While the US federal government remained in the longest partial shutdown in history, the Trump administration managed to make headway in its baffling effort to prevent transgender Americans from serving in the military. On January 22 the Supreme Court removed one injunction against the proposed policy that was first introduced this summer. Another injunction against it still remains in place, but likely not for long.
The Linguistic Society of America Summer Institute, held in odd-numbered years, is a unique opportunity for linguistic anthropologists to further their background in general linguistics, the study the structure of specific languages, or to learn new research methods. The LSA Institute offers a wide range of possibilities for discovering new ways to incorporate issues related to language and discourse into their research.
There is a moment in Spike Jonze’s film Her (2013) when the main character Theodore, who is in a romantic relationship with an operating system named Samantha, learns that she is simultaneously conversing with 8,316 others and has fallen in love with 641 of them.
There is a tendency to think about love as something private—an intimate matter between two people. But as a friend once told me, “You cannot understand Acholi love if you think that it is between two people.” If she is right, and I think she is, then our understanding of the phenomenon of love should consider the wider societal backdrop as well as the particular web of social relations in which lovers find themselves.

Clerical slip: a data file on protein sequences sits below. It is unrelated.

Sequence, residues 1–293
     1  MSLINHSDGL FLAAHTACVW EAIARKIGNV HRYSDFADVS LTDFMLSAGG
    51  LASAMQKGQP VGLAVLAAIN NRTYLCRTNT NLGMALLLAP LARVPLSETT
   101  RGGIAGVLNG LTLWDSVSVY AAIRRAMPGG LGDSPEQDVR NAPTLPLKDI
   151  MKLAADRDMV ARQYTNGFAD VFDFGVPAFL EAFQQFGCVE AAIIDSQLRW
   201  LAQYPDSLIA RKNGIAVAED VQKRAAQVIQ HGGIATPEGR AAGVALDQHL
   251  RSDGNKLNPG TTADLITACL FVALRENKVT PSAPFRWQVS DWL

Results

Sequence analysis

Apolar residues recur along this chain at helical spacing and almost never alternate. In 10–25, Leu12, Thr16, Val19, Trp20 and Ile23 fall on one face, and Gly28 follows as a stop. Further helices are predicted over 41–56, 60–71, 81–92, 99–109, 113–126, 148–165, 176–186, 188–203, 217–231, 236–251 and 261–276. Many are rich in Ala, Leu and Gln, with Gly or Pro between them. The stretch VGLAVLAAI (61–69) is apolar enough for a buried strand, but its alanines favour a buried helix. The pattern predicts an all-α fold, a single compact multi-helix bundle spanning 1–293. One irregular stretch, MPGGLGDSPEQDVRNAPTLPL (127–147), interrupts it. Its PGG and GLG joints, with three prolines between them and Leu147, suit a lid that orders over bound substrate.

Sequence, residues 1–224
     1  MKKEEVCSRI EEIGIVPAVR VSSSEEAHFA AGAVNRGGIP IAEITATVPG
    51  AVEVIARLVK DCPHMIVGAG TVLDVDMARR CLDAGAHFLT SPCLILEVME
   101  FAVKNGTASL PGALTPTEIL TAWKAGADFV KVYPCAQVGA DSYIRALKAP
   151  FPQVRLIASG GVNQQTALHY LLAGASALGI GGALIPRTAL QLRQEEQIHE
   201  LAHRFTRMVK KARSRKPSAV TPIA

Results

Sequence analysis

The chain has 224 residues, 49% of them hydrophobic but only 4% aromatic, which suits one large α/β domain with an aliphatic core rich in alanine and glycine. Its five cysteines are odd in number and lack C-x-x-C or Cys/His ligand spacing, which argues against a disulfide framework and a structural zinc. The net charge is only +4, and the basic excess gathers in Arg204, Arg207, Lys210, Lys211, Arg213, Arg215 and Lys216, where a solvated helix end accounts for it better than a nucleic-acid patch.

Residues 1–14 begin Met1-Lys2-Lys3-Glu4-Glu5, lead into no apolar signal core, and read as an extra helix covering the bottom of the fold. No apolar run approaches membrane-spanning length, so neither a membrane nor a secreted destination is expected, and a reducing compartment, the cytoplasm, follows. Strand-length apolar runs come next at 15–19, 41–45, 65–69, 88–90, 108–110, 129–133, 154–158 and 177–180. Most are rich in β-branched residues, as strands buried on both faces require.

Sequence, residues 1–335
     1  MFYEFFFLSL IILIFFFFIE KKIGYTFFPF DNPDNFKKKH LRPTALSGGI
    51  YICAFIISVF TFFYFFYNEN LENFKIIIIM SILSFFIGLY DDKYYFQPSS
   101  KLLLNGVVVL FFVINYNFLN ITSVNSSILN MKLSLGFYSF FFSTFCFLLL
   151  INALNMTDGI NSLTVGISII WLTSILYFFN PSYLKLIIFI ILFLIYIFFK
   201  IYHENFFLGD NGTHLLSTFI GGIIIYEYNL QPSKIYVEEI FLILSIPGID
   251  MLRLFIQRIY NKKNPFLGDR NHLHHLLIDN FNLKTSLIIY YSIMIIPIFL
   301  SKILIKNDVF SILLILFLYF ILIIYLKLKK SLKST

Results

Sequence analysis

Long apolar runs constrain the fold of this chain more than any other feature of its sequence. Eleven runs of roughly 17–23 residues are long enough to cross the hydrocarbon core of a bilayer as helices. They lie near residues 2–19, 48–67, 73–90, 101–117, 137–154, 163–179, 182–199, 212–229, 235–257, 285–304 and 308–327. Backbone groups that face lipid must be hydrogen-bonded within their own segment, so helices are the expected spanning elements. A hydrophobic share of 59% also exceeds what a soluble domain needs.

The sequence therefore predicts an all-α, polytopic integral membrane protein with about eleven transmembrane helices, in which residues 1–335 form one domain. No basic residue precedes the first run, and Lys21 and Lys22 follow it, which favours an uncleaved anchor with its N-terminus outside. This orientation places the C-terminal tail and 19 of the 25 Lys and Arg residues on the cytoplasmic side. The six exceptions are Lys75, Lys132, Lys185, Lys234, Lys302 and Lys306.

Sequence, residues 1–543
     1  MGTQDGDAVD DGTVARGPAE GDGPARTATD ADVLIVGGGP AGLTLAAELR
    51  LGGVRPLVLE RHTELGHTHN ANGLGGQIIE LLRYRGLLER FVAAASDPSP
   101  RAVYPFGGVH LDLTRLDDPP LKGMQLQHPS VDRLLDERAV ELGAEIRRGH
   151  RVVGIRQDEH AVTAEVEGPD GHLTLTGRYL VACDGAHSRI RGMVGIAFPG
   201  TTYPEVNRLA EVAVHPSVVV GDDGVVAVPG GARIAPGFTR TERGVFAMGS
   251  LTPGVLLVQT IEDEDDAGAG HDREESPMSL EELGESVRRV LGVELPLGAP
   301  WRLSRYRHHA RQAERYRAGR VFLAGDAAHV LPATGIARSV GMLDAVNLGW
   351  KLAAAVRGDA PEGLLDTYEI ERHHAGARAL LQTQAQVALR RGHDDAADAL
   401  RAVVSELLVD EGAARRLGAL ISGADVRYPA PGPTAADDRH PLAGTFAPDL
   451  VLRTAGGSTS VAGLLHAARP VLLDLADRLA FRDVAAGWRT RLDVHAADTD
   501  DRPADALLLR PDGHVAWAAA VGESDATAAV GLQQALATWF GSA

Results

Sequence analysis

I have never been good at dating. I simply refused to acknowledge the subtleties and rituals of courtship, to dance the dance that potential lovers perform when declaring their affection for each other.
This text appeared in the American Anthropologist submission queue, somehow entered as an anonymous manuscript, which the ScholarOne system is not supposed to permit. It seems to consist of excerpts from the author’s field notes, which is not the kind of thing that American Anthropologist publishes; given the unique perspective it represents, we wanted to find a venue for it, so we present it to you here in Anthropology News.
It’s traditional to make resolutions as a new year begins; the practice is widespread over time and continents alike. And many of us will make our own resolutions—to stop smoking, perhaps, or to lose weight, to spend more time with the family, or to be more productive. That’s all well and good, and I wish each of you every success in achieving them—even if I never quite do.
We were in the middle of one of Voice of the Experienced’s (VOTE) monthly membership meetings. Bruce, the deputy director, was making an announcement about an upcoming campaign when three students began stirring in the back of the atrium before abruptly—and not so quietly—moving toward the exit, muttering and clanging chairs as they went. Dolfinette, a new lead organizer, stood from her table and interrupted to ask them where they were going.
October 27, 1939–November 2, 2018 Jane H. Hill died on November 2, 2018, in Tucson, Arizona. She was president of the American Anthropological Association, 1997–1999. She was a brilliant scholar who showed how language structures are shaped by economic and ideological processes in multilingual situations. She was on the faculty of the Anthropology Department at […]
While Beijing deploys the Road and Belt Initiative as a geopolitical imaginary for international networks, such policies also heavily impact the ways in which local practices adapt to the R&B initiative. Among different efforts to privatize the Silk Road, the physical remains of heritage sites become a key space where local actors deploy a neoliberal logic to blend heritage management and business development. In Xi’an, where the Tang West Market Museum is located, this shows how the past and present reinforce one another.